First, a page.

Published Jul 17, 2014It's a simple enough storyline, but its execution is anything but.
Boyhood, Richard Linklater's 12-year epic, tells the tale of Mason (Ellar Coltrane) a young boy from a broken family attempting to find his place in the world. As the boy starts out at the age of six, the film unfolds like time-lapse photography, offering brief snapshots of his life from Grade 2 to 12, culminating with his first day as a college freshman. In the process, we get to take part in Mason's (and, to a degree, Coltrane's) physical and emotional transformations, watching as he learns about death, love, soft hands and what it means to be a man.
Taking the experiment first laid out in Linklater's Before trilogy and expanding it to unheard of new heights, Boyhood (originally known as "The Untitled Twelve Year Project") began filming in 2002 and was completed shortly before its premiere at Sundance this year. Recorded a few weeks out of the year for over a decade, the film was pieced together on the fly into 12 separate short films. However, viewed end to end in a linear format, Boyhood felt less like a traditional drama and more like I was witnessing my own life unfold, complete with heartbreak and pudgy pre-teen years.
To help document the film's transition through time, Linklater offers more than just the usual haircuts and fashion changes to capture the story's chronological ascent. Instead, Boyhood is rich with obvious and not-so obvious props from popular culture, using everything from Bondi Blue iMacs, 20Q balls, iPhones and GameBoy Advance SPs to allow Mason to not only wax poetic in his later years about his generation's reliance on technology, but help you to witness it firsthand as well.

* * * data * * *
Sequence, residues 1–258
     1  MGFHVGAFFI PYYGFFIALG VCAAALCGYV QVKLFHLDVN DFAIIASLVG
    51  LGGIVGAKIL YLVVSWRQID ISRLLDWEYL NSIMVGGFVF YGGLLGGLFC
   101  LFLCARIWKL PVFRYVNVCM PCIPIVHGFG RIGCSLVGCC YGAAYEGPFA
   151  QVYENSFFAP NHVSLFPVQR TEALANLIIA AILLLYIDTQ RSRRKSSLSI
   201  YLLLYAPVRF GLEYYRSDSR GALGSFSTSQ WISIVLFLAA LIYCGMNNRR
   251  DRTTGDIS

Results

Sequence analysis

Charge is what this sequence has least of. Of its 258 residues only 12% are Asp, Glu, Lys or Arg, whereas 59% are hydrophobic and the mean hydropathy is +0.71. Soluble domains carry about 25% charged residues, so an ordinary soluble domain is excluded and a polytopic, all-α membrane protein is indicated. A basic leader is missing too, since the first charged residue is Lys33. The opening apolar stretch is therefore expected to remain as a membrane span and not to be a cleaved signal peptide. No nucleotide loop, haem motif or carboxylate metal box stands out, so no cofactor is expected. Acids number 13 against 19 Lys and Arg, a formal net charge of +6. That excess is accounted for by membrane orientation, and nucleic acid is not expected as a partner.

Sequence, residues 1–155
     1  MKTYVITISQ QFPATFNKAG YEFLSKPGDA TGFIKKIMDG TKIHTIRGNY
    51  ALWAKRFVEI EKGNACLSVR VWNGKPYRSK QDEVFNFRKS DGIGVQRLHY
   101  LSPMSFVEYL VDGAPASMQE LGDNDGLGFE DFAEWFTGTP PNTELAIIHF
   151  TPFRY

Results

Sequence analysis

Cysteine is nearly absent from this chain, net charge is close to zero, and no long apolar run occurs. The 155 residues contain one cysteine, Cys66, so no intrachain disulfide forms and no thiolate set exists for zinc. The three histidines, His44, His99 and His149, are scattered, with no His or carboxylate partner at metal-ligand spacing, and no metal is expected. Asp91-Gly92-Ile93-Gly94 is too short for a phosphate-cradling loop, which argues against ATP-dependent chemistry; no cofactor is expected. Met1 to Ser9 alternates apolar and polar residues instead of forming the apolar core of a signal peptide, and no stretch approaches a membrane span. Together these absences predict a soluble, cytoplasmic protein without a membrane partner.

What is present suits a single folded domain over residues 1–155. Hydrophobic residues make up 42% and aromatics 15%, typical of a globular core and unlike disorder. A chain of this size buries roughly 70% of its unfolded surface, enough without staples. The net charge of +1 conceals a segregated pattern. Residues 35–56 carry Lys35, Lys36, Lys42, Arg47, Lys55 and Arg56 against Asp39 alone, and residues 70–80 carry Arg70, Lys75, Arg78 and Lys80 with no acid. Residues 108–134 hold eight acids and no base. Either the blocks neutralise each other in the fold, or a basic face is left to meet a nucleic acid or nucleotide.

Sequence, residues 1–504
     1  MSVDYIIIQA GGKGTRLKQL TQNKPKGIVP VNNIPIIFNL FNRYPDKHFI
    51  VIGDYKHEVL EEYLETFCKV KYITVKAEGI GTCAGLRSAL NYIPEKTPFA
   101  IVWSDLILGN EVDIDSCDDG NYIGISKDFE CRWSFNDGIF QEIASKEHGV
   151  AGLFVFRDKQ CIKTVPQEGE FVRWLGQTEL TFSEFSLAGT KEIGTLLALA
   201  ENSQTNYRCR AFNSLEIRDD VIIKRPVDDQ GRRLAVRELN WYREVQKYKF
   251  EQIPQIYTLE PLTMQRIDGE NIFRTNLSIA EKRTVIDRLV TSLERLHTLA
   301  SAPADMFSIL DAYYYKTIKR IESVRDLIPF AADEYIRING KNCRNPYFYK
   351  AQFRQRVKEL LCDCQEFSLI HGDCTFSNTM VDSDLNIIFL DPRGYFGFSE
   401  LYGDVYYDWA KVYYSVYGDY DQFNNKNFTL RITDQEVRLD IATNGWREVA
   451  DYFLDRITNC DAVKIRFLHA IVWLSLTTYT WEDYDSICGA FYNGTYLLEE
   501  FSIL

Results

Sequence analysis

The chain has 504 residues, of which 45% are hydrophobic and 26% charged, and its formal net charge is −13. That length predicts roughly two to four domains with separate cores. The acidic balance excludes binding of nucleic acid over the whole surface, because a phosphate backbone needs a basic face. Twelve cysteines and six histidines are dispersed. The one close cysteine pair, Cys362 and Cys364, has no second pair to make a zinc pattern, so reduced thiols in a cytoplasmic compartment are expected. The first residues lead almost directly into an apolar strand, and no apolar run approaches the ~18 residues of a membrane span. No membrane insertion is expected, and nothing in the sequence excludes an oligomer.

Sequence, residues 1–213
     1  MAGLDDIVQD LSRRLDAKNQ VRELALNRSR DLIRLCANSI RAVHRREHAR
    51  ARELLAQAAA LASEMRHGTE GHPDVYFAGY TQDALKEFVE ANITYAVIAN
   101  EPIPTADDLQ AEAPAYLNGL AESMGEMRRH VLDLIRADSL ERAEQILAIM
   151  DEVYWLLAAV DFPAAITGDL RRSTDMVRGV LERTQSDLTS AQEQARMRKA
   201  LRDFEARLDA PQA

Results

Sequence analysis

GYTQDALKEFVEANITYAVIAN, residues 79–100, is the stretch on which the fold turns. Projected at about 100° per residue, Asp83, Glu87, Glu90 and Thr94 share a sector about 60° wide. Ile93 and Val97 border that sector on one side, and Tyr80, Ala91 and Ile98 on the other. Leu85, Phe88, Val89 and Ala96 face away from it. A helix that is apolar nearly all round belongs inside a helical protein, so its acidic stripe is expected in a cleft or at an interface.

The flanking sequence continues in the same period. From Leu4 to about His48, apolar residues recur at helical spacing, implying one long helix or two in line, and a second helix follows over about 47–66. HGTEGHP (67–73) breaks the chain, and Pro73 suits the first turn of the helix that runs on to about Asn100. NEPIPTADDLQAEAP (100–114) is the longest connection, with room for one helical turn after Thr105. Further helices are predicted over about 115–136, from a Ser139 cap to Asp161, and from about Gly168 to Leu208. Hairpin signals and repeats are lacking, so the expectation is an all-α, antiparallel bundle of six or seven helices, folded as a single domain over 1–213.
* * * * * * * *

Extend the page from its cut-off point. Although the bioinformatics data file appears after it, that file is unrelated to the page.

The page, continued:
While it may seem strange for the film to have its Canadian premiere at NXNE — a festival and conference primarily known for its focus on music — it's Boyhood's soundtrack that helps us understand the passing of time. From Coldplay's "Yellow" to Arcade Fire's "Deep Blue," astute listeners will be able to ascertain Mason's milestones more easily, with even critically-panned tracks of the past 12 years from artists like Soulja Boy and Cobra Starship transporting listeners back to 2007 and 2009, respectively.
Featuring an ensemble cast including Patricia Arquette and Ethan Hawke, as well as relative unknowns Lorelei Linklater (the director's daughter) and Coltrane, it is the film's younger core that steals the show, as we witness their progressions from self-aware supporters to marquee method actors. (It's hard to fully comprehend the foresight Linklater and co. must have had to cast Coltrane at such a young age, because while he barely resembles Hawke in the film's early years, his silver screen son is certainly the second-coming of Troy Dyer or Jesse at the film's climax).
However, no words could fully describe the feeling one gets from watching Boyhood, a film that is nearly three hours in length, but, much like our youth, feels like it is over before its fully begun. Boyhood is not so much a film as it is an experience, and a lifetime-defining one at that.